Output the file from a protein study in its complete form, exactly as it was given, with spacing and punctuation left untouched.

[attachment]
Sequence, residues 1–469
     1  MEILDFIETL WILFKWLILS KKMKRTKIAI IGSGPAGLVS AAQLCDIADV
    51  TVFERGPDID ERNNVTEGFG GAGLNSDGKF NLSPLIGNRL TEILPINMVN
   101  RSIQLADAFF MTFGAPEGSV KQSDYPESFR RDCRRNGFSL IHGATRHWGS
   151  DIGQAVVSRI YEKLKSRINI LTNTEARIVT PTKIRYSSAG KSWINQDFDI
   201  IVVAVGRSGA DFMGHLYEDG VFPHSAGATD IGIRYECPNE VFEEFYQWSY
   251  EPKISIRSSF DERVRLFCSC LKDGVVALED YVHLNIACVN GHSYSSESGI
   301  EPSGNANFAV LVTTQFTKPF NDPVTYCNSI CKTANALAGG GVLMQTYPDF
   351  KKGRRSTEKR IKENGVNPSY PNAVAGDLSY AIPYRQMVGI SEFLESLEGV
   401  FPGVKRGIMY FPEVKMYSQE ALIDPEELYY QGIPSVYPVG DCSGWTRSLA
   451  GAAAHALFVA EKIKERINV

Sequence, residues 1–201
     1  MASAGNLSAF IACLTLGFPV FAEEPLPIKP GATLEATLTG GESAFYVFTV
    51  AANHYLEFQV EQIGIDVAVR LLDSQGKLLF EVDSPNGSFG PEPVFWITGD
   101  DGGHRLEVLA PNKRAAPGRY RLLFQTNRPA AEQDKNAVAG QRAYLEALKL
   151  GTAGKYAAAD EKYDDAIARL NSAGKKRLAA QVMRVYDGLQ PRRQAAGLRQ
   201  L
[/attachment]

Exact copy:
Sequence, residues 1–469
     1  MEILDFIETL WILFKWLILS KKMKRTKIAI IGSGPAGLVS AAQLCDIADV
    51  TVFERGPDID ERNNVTEGFG GAGLNSDGKF NLSPLIGNRL TEILPINMVN
   101  RSIQLADAFF MTFGAPEGSV KQSDYPESFR RDCRRNGFSL IHGATRHWGS
   151  DIGQAVVSRI YEKLKSRINI LTNTEARIVT PTKIRYSSAG KSWINQDFDI
   201  IVVAVGRSGA DFMGHLYEDG VFPHSAGATD IGIRYECPNE VFEEFYQWSY
   251  EPKISIRSSF DERVRLFCSC LKDGVVALED YVHLNIACVN GHSYSSESGI
   301  EPSGNANFAV LVTTQFTKPF NDPVTYCNSI CKTANALAGG GVLMQTYPDF
   351  KKGRRSTEKR IKENGVNPSY PNAVAGDLSY AIPYRQMVGI SEFLESLEGV
   401  FPGVKRGIMY FPEVKMYSQE ALIDPEELYY QGIPSVYPVG DCSGWTRSLA
   451  GAAAHALFVA EKIKERINV

Sequence, residues 1–201
     1  MASAGNLSAF IACLTLGFPV FAEEPLPIKP GATLEATLTG GESAFYVFTV
    51  AANHYLEFQV EQIGIDVAVR LLDSQGKLLF EVDSPNGSFG PEPVFWITGD
   101  DGGHRLEVLA PNKRAAPGRY RLLFQTNRPA AEQDKNAVAG QRAYLEALKL
   151  GTAGKYAAAD EKYDDAIARL NSAGKKRLAA QVMRVYDGLQ PRRQAAGLRQ
   201  L